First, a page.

"The main reason for the great increase of fires in the woods," says the American Forests and Forest Life Magazine in a recent issue, "is the greater use of our forests and outdoor lands by the people. With the automobile taking more and more fire-ignorant people into the country in search of forests in which to hunt, fish, hike, or rest, forest fires are on the increase. Of the 92,000 fires last year, 92 per cent were started by human agencies."

Often a camp-fire is built against a log where it may smolder for weeks and then, fanned by a breeze, flame up and start a big fire. And any camp-fire left, in which there is a single spark, is a source of similar danger. It's a part of the perversity of things that fire never seems to take quite so much delight in its business as in places where it is not wanted. Fires are almost as "pernickety" as people that way!

Bad "Housekeeping" and Bad Fires:

Workers in lumber-camps have often set their own and other woods afire by their careless and thriftless ways. They leave the ground covered with the lopped-off branches of their saw logs, kill young trees by breaking them or tearing off their bark in felling large trees which strike them in falling; and all this dead wood is ready kindling for the first well-placed spark from their logging-engines or the sparks from a locomotive on a near-by railroad or lightning striking a dead tree or a stump. While no way has yet been found to muzzle the lightning, it has been found that it does a great deal of damage in regions where there are dead trees and where brush and logging-rubbish are allowed to accumulate. Bad housekeeping in the woods is just like bad housekeeping in the basement or the attic, a constant invitation to that well-known bad citizen the "Fire-fiend" to "start something."

The Six-Legged Fire Bugs:

Insects are not only among the worst enemies of trees but, strange as it sounds, help start forest fires. Not that they are careless with matches or anything of that kind, but the dead wood of the trees they attack is much more easily set on fire by a lightning-stroke than is the wood of a perfectly healthy and sound tree. Trees around the home can be closely watched so that they will not get into this condition, but this is difficult in the great national forests while we have so few men to do the work. So the foresters, among their other numerous duties, cut down trees that are badly attacked, sell them, when fit for lumber, and see that the bark containing insect broods is burned.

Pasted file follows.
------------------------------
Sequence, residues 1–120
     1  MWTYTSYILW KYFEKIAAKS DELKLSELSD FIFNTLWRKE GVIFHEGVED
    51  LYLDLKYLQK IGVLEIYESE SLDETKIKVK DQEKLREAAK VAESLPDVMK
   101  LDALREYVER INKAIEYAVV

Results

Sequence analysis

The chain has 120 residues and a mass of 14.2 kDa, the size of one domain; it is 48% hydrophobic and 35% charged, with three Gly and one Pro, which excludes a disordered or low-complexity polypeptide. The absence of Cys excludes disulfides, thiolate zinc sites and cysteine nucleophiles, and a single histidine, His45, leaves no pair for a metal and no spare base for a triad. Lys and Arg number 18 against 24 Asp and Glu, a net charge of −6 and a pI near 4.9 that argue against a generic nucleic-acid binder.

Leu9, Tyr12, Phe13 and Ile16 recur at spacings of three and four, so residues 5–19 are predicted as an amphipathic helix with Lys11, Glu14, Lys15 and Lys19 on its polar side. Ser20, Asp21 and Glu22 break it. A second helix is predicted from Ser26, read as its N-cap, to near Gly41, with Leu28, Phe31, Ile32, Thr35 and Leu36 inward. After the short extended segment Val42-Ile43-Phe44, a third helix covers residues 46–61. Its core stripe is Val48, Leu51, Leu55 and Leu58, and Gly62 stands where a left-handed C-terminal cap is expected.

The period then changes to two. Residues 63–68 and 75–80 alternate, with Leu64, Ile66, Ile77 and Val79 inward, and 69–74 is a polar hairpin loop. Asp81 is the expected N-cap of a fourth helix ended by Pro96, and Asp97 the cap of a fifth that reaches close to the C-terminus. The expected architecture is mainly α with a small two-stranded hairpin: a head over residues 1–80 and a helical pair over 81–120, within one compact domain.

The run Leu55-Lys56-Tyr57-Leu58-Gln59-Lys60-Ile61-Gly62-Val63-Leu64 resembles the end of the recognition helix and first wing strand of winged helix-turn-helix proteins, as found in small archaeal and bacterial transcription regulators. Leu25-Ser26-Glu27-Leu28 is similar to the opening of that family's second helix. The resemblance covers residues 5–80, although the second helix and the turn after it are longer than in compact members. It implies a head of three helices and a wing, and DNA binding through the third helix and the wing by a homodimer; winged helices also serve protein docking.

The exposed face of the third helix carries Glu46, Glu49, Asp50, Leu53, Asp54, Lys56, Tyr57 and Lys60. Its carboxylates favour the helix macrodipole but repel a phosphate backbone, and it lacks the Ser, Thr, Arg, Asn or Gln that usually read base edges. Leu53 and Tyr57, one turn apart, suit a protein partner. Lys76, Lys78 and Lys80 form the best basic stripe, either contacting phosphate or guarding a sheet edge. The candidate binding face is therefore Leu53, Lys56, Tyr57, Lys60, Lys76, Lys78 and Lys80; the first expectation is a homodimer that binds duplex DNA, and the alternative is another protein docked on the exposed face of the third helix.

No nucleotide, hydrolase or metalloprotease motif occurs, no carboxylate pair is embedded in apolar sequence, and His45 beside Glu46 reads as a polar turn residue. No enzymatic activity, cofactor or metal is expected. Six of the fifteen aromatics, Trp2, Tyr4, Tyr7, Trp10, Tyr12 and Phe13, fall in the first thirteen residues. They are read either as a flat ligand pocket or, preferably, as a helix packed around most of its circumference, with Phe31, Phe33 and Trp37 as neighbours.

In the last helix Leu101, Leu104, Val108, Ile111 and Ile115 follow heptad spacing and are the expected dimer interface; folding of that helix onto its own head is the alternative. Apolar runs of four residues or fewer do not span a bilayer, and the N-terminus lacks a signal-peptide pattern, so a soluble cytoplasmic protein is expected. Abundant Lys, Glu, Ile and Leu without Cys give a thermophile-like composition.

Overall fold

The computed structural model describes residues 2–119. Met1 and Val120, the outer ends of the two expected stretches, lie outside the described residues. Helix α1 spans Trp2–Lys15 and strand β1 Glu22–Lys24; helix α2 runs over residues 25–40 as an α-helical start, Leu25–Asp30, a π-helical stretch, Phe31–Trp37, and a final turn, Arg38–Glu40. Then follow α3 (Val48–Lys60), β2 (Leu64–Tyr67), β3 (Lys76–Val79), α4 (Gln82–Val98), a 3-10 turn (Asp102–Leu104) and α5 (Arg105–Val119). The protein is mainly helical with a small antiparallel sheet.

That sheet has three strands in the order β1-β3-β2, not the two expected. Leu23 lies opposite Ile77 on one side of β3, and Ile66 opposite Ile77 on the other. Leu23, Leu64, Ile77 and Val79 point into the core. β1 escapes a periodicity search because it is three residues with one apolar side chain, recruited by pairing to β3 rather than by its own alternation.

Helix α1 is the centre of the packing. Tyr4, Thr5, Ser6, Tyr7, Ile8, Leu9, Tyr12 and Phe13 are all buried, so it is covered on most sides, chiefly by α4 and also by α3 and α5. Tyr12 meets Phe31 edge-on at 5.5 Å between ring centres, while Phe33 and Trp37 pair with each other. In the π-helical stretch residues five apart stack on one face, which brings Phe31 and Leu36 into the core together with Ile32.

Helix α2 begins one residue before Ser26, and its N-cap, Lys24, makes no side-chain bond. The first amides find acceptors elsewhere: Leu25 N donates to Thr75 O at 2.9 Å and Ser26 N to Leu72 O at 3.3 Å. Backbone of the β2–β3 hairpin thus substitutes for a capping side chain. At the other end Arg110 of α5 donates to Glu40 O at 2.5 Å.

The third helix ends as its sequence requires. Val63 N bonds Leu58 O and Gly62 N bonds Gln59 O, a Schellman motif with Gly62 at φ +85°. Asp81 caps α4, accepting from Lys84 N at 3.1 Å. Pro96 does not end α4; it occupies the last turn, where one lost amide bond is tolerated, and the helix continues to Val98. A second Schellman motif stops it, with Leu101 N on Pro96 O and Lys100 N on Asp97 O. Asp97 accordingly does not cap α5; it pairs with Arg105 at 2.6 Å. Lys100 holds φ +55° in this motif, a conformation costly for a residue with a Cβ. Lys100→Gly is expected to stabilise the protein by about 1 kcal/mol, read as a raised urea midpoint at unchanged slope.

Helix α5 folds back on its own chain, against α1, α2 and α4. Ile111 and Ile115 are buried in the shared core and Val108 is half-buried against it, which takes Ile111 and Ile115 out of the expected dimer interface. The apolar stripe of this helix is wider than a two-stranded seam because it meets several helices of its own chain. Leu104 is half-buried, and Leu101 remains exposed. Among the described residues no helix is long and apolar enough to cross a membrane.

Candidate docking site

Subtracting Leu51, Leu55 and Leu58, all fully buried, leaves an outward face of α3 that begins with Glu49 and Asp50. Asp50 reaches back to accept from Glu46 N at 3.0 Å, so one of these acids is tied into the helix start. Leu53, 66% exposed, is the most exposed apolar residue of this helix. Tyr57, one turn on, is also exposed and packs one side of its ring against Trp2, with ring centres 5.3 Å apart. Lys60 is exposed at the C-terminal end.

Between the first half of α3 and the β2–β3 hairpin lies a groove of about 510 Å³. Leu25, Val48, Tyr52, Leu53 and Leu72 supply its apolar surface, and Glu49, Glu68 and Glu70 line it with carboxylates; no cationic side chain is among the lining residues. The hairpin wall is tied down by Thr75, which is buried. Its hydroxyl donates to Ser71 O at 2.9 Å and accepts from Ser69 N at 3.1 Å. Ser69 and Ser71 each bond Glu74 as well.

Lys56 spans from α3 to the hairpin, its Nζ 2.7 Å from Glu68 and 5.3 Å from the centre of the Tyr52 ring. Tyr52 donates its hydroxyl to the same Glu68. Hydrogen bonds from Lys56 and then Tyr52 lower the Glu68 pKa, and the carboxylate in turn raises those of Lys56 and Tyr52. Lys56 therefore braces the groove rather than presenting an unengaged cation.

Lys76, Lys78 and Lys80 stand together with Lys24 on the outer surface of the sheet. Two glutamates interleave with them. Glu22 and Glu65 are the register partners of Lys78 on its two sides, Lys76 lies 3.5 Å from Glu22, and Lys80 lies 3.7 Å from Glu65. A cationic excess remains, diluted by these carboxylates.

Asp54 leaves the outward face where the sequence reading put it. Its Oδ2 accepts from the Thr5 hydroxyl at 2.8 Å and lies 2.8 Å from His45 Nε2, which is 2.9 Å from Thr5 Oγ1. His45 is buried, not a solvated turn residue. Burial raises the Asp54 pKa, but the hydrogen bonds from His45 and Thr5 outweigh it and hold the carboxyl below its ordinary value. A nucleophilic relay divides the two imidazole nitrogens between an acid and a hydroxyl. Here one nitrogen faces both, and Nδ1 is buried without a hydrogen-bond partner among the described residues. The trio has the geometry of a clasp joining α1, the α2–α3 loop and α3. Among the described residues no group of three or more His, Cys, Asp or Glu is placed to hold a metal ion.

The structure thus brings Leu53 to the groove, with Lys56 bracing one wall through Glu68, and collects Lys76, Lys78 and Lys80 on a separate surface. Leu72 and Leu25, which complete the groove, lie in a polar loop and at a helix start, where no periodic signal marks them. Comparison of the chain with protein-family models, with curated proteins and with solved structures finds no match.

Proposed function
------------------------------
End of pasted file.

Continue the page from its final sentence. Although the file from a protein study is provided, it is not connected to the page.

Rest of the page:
When the "Fire-Fiend" Travels "Incog"


I don't know whether you ever read, in The Strange Adventures of a Pebble, about how earthquakes sometimes travel "incog."; i.e., unknown until they bob up somewhere and begin to do damage. But, anyhow, the "Fire-fiend" that haunts the woods has a trick that reminds me of that odd habit. I refer to the fires, too well known to foresters but not so well known to others, that creep slowly and unseen through half-rotten leaves.

If you don't know the nature of these hidden fires you may unconsciously start one, even when you have been careful, as you think, to put out every spark of the fire you built to fry your fish in summer or warm yourselves on a winter hike. You may have cleared away all the brush and dead grass and built your fire on a spot covered with a mass of rotten leaves; but your fire will dry these leaves, to some extent, and below the surface they may take fire. Then this fire will creep along under the blanket of the top layer and, a good while afterward and a good way off, work itself to the surface and be blown into a blaze by the wind. Fires so started in the autumn have been known to burn slowly for months and then break out in midwinter.

Then let there come a Stiff Breeze and. . . !

All fires running along on top or underneath the surface of the ground are known, in the language of forestry, as "ground fires." When fanned by high winds, especially if there is much brush, "slash" (branches lopped off in lumbering operations), dead trees, or a thick growth of young Pines, and a ground fire may quickly become a "crown" fire; i.e., a fire that spreads through the tops of the trees. Most of the cone-bearers have a great deal of resin in them, especially in the bark and leaves, and a ground fire, coming to the foot of one of these trees, runs right up the bark, then out on the limbs and branches to the leaves, and so spreads from tree-top to tree-top faster than it is spreading along the ground.

Fires, as every Boy Scout demonstrates every time he starts one of those little wigwam-chimney things for the troop camp, rapidly create a draft of their own. A forest fire, even without the help of any wind, advances very rapidly, and with a strong wind will travel from six to ten miles an hour; and brands, carried at a still more rapid rate, drop away ahead and start new fires.

Such a fire it is practically impossible to stop. But one of the remarkable things the fire-fighters of the forest have learned is how to make such fires stop themselves, as we shall see in Section II.

On the Firing-Line with the Fighters: